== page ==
One of the biggest concerns that people have prior to setting off on an expedition is altitude sickness. If you live at sea level (as a lot of us in Ireland do) then the idea of adjusting to high altitude can seem a little daunting. And altitude can affect anyone – it doesn’t matter how fit or healthy you are! But the good news is there are plenty of things that you can do to help your body adjust. Our MD James has put together some brilliant tips about how to prevent altitude sickness, which you can watch below. Or read on to find out more!
How to prevent altitude sickness
This is one of the most important elements to preventing altitude sickness. Wherever you’re heading, you need to book a package that allows you enough time to properly adjust to the altitude as you climb. This can mean allowing for rest days, or simply trekking on a route that allows you to climb slowly. Best practice is to gain between 300m and 500m a day. This isn’t always feasible, but you should try to stick to it where possible. A good example of this is Kilimanjaro. Some companies sell a 5-day itinerary, but those attempting to climb in 5 days have a much lower success rate than those who do it in 7 days.
This doesn’t just apply to trekking, either. When you take a big jump in elevation, you should try to take a rest day on the following day. An example of this is landing in Cusco in Peru, before the Machu Picchu trek. Cusco is at 3,400m, which is a huge altitude gain for most of us. It’s important to spend two nights there before you start your trek, to allow your body to adjust.
It’s not just about the speed with which you travel, but the speed with which you walk. Often, it’s those who start trekking slower that are the strongest on summit day. Which is the inspiration for the phrase you may hear… “Start like an old man, finish like a young man”. It’s best to keep pace with others in your group, and maintain a slow and steady pace. This keeps your heart rate low, and is much better than starting and stopping constantly.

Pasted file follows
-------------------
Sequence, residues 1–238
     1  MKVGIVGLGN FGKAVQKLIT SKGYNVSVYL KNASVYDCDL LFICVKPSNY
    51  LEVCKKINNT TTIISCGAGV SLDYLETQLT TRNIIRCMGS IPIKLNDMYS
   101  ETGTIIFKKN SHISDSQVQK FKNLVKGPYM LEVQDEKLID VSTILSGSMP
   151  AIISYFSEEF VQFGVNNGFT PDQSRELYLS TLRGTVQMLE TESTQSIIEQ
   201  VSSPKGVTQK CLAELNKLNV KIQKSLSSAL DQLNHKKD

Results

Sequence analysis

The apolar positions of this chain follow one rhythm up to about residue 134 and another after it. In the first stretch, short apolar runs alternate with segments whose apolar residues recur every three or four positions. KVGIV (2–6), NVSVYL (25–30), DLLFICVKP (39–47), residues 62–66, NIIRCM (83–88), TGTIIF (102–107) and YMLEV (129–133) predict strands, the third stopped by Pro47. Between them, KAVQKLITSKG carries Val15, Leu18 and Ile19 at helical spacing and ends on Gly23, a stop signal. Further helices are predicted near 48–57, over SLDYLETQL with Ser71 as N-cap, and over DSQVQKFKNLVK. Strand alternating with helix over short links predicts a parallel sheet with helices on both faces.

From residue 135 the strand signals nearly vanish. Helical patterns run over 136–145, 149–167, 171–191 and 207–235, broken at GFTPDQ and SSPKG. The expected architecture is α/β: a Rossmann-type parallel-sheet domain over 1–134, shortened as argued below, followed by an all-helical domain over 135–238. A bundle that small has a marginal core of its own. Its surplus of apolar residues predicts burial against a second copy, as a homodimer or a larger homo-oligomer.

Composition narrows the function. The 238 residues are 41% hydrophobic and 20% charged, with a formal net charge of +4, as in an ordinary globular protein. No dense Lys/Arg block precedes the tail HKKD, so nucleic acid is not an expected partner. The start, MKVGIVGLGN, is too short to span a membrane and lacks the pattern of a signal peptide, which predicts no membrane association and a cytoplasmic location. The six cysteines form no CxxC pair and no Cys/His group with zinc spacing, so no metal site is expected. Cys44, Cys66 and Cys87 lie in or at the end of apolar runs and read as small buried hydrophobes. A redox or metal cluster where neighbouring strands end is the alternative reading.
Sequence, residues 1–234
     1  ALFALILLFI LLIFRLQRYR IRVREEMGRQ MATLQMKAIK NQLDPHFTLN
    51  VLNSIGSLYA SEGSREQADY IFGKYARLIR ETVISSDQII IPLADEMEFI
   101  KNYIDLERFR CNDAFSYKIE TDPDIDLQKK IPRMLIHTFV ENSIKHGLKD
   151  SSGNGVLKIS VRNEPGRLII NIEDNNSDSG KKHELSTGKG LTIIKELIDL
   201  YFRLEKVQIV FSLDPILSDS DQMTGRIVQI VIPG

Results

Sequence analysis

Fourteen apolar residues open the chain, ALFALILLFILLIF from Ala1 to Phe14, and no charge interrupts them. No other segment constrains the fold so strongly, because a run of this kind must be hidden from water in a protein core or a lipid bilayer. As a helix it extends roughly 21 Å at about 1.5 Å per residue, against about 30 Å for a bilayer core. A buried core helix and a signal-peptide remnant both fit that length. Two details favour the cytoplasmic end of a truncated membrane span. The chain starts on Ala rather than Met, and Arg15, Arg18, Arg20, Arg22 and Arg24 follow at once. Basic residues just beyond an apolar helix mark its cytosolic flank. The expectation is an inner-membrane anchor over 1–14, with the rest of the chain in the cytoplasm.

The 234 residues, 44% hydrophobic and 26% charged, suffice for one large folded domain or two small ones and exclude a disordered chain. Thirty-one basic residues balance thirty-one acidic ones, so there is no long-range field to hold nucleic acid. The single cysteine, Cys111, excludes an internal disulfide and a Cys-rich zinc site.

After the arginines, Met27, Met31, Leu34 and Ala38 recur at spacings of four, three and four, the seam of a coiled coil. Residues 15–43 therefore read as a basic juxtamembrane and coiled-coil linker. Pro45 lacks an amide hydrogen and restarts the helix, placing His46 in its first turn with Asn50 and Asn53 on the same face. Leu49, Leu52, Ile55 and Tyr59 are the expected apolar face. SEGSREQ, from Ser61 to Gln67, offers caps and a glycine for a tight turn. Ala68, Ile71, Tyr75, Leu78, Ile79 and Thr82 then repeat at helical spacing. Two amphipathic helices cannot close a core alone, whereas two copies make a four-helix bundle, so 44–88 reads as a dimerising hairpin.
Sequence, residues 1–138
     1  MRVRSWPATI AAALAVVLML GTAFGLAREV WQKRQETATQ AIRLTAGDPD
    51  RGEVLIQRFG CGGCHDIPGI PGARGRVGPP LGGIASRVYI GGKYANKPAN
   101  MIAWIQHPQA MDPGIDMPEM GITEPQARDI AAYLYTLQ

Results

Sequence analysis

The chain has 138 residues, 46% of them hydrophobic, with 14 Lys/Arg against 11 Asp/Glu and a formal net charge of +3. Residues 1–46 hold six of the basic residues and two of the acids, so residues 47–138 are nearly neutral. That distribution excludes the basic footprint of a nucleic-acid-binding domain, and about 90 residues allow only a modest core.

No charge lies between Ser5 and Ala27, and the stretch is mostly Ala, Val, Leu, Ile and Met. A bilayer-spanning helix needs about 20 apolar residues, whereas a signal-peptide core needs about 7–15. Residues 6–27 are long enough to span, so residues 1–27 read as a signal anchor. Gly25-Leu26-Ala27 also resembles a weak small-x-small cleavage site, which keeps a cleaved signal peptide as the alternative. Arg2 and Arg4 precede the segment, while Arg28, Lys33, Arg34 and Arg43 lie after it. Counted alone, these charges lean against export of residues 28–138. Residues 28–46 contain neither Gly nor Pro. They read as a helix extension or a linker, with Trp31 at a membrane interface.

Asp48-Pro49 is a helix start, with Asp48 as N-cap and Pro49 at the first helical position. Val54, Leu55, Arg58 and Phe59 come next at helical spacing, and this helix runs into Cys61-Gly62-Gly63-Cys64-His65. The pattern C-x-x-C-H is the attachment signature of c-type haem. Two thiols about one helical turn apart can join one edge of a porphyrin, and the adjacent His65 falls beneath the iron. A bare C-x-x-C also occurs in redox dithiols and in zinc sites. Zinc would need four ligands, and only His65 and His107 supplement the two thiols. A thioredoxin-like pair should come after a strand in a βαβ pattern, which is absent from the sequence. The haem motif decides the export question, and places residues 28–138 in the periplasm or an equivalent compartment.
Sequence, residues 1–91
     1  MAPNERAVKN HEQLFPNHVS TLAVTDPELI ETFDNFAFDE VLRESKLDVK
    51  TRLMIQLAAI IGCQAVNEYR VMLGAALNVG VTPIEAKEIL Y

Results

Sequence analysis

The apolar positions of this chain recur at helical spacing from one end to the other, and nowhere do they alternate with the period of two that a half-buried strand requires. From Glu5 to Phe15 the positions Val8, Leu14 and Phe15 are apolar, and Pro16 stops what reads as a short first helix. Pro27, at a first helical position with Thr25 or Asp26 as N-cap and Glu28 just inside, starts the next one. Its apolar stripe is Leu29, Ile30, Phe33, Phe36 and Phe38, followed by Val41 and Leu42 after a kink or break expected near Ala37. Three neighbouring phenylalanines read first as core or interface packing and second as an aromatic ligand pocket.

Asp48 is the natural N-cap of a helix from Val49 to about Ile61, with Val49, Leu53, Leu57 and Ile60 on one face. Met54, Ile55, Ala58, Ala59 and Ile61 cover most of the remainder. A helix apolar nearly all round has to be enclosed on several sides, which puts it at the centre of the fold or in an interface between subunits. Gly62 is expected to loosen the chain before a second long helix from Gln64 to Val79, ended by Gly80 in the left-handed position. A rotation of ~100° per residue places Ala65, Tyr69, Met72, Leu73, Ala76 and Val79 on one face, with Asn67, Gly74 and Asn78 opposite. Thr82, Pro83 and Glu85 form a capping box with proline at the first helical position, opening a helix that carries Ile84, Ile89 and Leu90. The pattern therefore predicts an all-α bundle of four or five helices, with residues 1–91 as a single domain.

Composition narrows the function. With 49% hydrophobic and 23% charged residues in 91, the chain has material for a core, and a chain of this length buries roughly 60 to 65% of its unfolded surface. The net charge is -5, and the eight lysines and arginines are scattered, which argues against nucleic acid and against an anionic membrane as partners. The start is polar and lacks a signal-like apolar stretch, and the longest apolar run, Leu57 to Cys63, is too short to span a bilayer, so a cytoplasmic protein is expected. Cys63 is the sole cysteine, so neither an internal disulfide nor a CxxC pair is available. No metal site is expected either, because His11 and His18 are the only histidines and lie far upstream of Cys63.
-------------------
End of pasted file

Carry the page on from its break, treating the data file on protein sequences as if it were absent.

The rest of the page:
Even the way that you walk can help. Where possible, you should place your foot on a flat surface – stepping up on just the ball of your foot puts strain on your calf muscles. Watch the video at the top of the page to see what we mean!
This is one of the most important elements when it comes to climbing at altitude. Depending on how much you sweat, you should aim to drink between 4 and 6 litres of water every single day. You should also avoid alcohol, which is a diuretic and will dehydrate you. It’s a good idea to hydrate yourself as much as possible earlier in the day. Take James, for example – he tries to drink 1 litre as soon as he wakes up, 2 litres on the trail, and 1 litre as soon as he gets to camp. That means he has drunk 5 litres before 5pm. He will have tea and water with dinner, but his bladder will be mostly empty by the time he goes to bed at 9pm. Because it’s no fun to wake up in sub zero temperatures, and sneak out of the tent for a wee!
We all know how important it is to fuel our bodies properly. But this is even more important when you’re trekking at altitude. On an Earth’s Edge trek, you get three amazing meals a day. You need to bring your own snacks to keep you energised between meals. These are often really personal – you might like protein bars, or trail mix, or dried fruit. It’s important to bring snacks you really love, that are high in calories. Often, you can lose your appetite as you gain altitude, which is a cruel trick considering you need to remain well fed! Bring the stuff that you love to eat, and you’ll find it much easier to keep eating.
When you’re looking at how to prevent altitude sickness, getting a good night’s rest is really important. The two things you need to focus on are comfort and warmth. You need a good sleeping pad and a really warm sleeping bag. These are two areas where you shouldn’t skimp! If you’re a light sleeper, it’s a good idea to bring earplugs, too.